A study from UBS finds employees value their equity compensation more when they receive education and advice about it, and working with an adviser boosts confidence in decisions about equity awards.
For its latest edition of “UBS Participant Voice,” the firm surveyed 1,046 U.S. equity award plan participants across industries with at least $5,000 in investable assets between September 12 and September 24, 2019. At that time, it found that, since 2013, there’s been a steady increase in the percentage of employees who highly value their equity awards—from 26% in 2013 to 42% in 2019—yet one in three (36%) still saw minimal value in them.
The highest appreciation for equity awards was found at companies that deliver education and personalized advice that put equity compensation in the context of a participant’s overall financial picture, design a clear plan for easy engagement, and drive a strong culture that reinforces the company’s growth potential. Appreciation for equity awards was lowest at firms that did none of these things.
“We’ve learned employees do not value what they don’t understand, making education and advice on awards very important. We’ve also discovered a few key steps employees can take to increase the value they place on awards. Incorporating equity compensation into their broader financial picture, receiving holistic advice and allocating investments based on that advice increases employees’ perceived value by two to three times,” Mike Nannini, head of Client Management, Business Development and Industry Engagement with UBS Workplace Wealth Services, tells PLANSPONSOR.
The study found employees who were more satisfied with the education they receive regarding their equity compensation tended to value them more. However, fewer than half said they received education (46%) or advice (41%) about their equity awards.
Eighty percent of employees who received personalized advice reported that they feel good about their financial situation, compared with 58% who did not receive personalized advice. Those who receive advice also feel more confident about their decisions regarding their equity compensation (75% vs. 51%), feel more confident about retiring when and how they’d like (76% vs. 56%) and feel more confident about achieving financial goals (79% vs. 57%).
The need for education and advice about equity compensation was highlighted even further when UBS did a follow-up to the survey in May. After declines in the stock market caused by the COVID-19 pandemic, the percentage of employees who indicated they highly value their equity awards fell to 34%, while the percentage who said they saw minimum value in them increased to 41%.
More than half (54%) of survey participants reported that they sold their company stock because of the market volatility, with men, younger employees and wealthier employees more likely to have sold. UBS found that among those who sold their stock:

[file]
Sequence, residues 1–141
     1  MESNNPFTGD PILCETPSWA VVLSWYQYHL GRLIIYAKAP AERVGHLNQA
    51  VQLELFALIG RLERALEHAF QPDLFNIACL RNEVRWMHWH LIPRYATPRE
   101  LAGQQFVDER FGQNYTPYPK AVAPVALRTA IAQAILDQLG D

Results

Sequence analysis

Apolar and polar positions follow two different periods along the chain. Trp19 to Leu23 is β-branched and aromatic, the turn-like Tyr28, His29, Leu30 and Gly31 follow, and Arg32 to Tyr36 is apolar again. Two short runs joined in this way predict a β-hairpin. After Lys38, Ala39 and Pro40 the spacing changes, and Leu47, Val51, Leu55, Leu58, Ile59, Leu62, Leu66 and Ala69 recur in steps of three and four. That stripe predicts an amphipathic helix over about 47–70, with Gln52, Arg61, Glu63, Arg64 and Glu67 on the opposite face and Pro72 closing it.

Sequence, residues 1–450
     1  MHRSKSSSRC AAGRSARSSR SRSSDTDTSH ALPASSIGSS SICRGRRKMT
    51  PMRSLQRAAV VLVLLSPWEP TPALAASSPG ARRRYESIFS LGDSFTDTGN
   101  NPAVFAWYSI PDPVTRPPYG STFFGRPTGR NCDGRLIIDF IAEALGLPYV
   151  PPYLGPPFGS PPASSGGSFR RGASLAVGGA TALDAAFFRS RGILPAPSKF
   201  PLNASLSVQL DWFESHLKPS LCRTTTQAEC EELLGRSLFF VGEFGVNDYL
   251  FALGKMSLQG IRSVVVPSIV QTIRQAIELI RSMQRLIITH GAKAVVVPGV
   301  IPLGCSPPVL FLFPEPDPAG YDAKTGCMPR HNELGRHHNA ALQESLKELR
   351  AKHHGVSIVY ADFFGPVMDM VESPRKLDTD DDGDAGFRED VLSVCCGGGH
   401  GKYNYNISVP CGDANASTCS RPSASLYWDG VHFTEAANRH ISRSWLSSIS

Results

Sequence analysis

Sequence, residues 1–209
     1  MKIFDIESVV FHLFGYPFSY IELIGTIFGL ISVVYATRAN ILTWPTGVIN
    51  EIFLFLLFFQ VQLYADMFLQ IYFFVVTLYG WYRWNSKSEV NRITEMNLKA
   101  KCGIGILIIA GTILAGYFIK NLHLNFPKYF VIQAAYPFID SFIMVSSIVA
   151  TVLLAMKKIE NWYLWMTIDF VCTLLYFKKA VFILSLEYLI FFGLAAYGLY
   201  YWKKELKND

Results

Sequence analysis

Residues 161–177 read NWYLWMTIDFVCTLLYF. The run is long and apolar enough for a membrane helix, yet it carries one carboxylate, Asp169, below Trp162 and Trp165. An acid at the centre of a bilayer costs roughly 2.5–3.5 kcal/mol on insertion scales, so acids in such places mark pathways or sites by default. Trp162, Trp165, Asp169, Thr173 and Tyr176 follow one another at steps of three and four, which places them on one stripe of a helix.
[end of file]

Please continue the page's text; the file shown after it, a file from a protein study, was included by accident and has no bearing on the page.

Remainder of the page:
- 46% moved the money to cash or cash equivalents (CDs, money market funds);
- 44% invested in other asset classes (e.g., bonds);
- 42% invested in other stocks;
- 35% paid down debt; and
- 31% spent the money.
Yet, by the time the survey follow-up was fielded—when the markets had bounced back—59% reported they regretted selling their stock. Two-thirds (67%) of those who received advice said they felt very confident in their decisions about equity compensation. In addition, 60% of employees said they are more interested in working with an adviser.
“When looking at pre- and post-COVID-19 onset data, we see a strong need for advice for financial matters in general and equity awards in particular. Participants that consulted with an adviser were more confident in their decisions, whether that meant making changes or staying the course. This can be powerful for investors given the vast uncertainty in so many areas of our lives. At the end of the day, advice matters, regardless of times,” Nannini says.
Plan participants use their equity awards mainly to save for a specific goal, such as retirement (44%) or for general wealth accumulation (36%), according to UBS. Men are more likely to use company stock for long-term savings (48% vs. 39% of women) while younger participants are least likely to use it for long-term savings goals (34% vs. 50% of those ages 51 and older).
When comparing equity compensation to other factors, including base salary and 401(k) contributions, equity compensation pales as a factor in the ability to accumulate savings and wealth for most equity plan participants. However, for those who have six or more vesting experiences, equity awards are seen as rivaling salary and 401(k) contributions as ways to accumulate wealth (51%, 55% and 55%, respectively). UBS says this is likely due to more experienced participants receiving larger awards over time, as well as seeing the growth potential of their company stock.
When looking at how equity plan participants make decisions about their equity compensation, they are, first and foremost, putting their awards within the context of a long-term financial plan. This is true for all vesting experience levels—from 46% of those with less than three vestings to 58% for those with six or more vestings.
Equity compensation plans are not just for executives—employers can make them available to rank-and-file employees as well.The full UBS study report, as well as the entire “UBS Participant Voice” series is at http://ubs.com/participantvoice.
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